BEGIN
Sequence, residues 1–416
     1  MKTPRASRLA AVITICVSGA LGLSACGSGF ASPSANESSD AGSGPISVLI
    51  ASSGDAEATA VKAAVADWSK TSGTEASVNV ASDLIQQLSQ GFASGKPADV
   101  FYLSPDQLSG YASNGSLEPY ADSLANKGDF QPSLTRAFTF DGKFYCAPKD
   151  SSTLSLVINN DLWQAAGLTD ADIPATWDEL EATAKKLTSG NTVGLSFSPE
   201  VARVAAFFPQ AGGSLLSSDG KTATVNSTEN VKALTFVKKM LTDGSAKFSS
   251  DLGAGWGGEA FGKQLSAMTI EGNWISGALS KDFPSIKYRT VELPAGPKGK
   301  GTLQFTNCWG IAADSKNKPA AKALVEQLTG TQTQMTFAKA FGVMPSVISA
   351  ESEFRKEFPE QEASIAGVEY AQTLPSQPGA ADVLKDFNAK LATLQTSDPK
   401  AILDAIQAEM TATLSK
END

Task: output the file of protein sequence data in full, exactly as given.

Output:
Sequence, residues 1–416
     1  MKTPRASRLA AVITICVSGA LGLSACGSGF ASPSANESSD AGSGPISVLI
    51  ASSGDAEATA VKAAVADWSK TSGTEASVNV ASDLIQQLSQ GFASGKPADV
   101  FYLSPDQLSG YASNGSLEPY ADSLANKGDF QPSLTRAFTF DGKFYCAPKD
   151  SSTLSLVINN DLWQAAGLTD ADIPATWDEL EATAKKLTSG NTVGLSFSPE
   201  VARVAAFFPQ AGGSLLSSDG KTATVNSTEN VKALTFVKKM LTDGSAKFSS
   251  DLGAGWGGEA FGKQLSAMTI EGNWISGALS KDFPSIKYRT VELPAGPKGK
   301  GTLQFTNCWG IAADSKNKPA AKALVEQLTG TQTQMTFAKA FGVMPSVISA
   351  ESEFRKEFPE QEASIAGVEY AQTLPSQPGA ADVLKDFNAK LATLQTSDPK
   401  AILDAIQAEM TATLSK